ROUGH DRAFT Storytelling has always been prominent among the human race ever since the oral tradition was established and the first written language came to be. It is not uncommon for a person to share their experiences, feelings, and thoughts through literature. The validity of these accounts often are not questioned. In 1845, Frederick Douglass published his autobiography, Narrative of the Life of Frederick Douglass, an American Slave.
Through writing and word of mouth, Douglass achieved international fame. Despite all of this, the validity of the slave narrative genre has come into question. Skeptics and naysayers claim that this genre of writing is fantasized, and use Olaudah Equiano’s narrative as a prime example. Although The Interesting Narrative of the Life of Olaudah Equiano has questionable history validity; Douglass’ writings have been affirmed by William Lloyd Garrison, a prominent American abolitionist, in the preface.
It has also been published and categorized as an autobiography. Accordingly, it is established that Douglass’ writing is non-fiction, therefore, it must be authentic. Being that the narrative was prefaced by William Lloyd Garrison, an exceptionally outspoken anti-slavery advocate, and author of William Lloyd Garrison and the Fight against Slavery, it would be almost impossible to claim that Frederick Douglass’ claims were falsified.
Garrison indited, “I am confident that is it essentially true in all its statements; that nothing has been set down in malice, nothing exaggerated, nothing drawn from imagination; that it comes short of the reality, rather than overstates a single fact in regard to SLAVERY AS IT IS” which conveys that he had complete and total trust towards Douglass (Which is a good display of character on Douglass’ behalf). Therefore, William Lloyd Garrison’s regard for Frederick Douglass does nothing but further prove the believability of Douglass’ auto-biography.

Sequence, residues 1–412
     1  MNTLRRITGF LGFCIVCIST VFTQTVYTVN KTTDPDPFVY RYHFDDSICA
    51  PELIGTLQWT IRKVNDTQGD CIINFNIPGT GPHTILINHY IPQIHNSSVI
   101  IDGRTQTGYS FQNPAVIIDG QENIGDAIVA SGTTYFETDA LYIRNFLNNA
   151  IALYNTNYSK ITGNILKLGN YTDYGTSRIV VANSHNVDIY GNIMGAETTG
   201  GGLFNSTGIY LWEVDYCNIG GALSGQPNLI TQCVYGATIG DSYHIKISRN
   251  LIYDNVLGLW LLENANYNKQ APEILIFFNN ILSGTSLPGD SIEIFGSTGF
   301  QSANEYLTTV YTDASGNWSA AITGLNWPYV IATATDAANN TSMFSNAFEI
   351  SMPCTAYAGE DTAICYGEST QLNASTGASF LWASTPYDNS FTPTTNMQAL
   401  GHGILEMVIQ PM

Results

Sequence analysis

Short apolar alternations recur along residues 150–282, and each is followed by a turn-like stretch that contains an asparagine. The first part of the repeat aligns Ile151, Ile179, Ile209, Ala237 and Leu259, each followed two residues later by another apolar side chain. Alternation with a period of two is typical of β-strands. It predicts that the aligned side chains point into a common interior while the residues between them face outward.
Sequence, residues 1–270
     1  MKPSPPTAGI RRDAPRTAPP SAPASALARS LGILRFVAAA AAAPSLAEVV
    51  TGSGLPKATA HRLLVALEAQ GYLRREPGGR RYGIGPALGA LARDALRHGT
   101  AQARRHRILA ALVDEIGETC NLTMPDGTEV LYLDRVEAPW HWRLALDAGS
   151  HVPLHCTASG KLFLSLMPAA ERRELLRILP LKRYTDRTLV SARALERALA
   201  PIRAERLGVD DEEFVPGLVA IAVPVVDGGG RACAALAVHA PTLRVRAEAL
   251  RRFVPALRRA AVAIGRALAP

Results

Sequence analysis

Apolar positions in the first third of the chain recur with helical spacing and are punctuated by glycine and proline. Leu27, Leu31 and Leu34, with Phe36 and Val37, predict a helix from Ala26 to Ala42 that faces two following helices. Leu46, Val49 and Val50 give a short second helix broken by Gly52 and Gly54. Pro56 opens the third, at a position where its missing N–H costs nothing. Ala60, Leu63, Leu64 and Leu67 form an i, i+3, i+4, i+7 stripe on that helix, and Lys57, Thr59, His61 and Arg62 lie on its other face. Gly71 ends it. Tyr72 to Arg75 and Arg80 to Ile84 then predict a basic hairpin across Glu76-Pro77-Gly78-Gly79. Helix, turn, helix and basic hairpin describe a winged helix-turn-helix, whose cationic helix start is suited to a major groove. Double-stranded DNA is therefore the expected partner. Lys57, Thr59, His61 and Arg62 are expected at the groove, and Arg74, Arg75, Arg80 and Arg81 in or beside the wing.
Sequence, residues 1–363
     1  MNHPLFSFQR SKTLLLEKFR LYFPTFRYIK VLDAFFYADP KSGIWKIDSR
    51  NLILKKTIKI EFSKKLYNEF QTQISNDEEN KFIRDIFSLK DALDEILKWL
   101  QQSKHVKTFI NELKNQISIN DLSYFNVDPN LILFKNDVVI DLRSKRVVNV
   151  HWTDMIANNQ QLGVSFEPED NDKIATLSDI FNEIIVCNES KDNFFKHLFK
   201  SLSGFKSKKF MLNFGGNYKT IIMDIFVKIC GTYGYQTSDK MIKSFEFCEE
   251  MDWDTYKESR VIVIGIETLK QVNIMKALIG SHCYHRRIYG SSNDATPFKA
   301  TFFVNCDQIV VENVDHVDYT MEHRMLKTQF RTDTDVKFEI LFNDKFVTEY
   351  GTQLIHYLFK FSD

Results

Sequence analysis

The authenticity of Narrative of the Life of Frederick Douglass, an American Slave is also substantiated by the writing being categorized as an autobiography. As things go, auto-biographies are considered to be non-fiction. If Douglass’ writings were untrue, it would be relatively easy to disprove his written accounts because of all of the factual information required in order to produce an autobiography. Frederick Douglass is also credited with the writing of his second autobiography, My Bondage and My
Freedom(1855), and his third, The Life and Times of Frederick Douglass(1881). The print is comprised of detailed experiences, places, people, and events that are historically accurate. Because of this, Douglass’ experiences are considered to be factual information. By the same token, Frederick Douglass’ first autobiography was also a published work. Douglass’ Narrative of the Life of Frederick Douglass, an American Slave went through the process of publication in 1845, and was ultimately published by the American Anti-Slavery Society.
In order to publish a non-fictional piece of literature, the piece must be—non-fictional. In the best interest of authors and publishers alike; it would be nonsensical to compose and publish a fictional text and write it off as a work of non-fiction. Considering that the memoir received publication status, it is established that the publisher did not see it as a risk to their good name, and that Narrative of the Life of Frederick Douglass, an American Slave is authentic. In essence, Frederick Douglass’ piece is undoubtedly unbiased, authentic, and legitimate.
The Narrative of the Life of Frederick Douglass, an American Slave was not only published & categorized as an autobiography, but it was also endorsed by a high-principled source, William Lloyd Garrison. Many Caucasian autobiographies of the 17th-18th century are not besieged with criticism, such as Daniel Defoe’s Mother Ross: The Life and Adventures of Mrs. Christian Davies, Commonly Called Mother Ross, on Campaign with the Duke of Marlborough(1740). It could be possible that the criticism of the slave narrative genre is truly a form of discrimination, rather than genuine mistrust.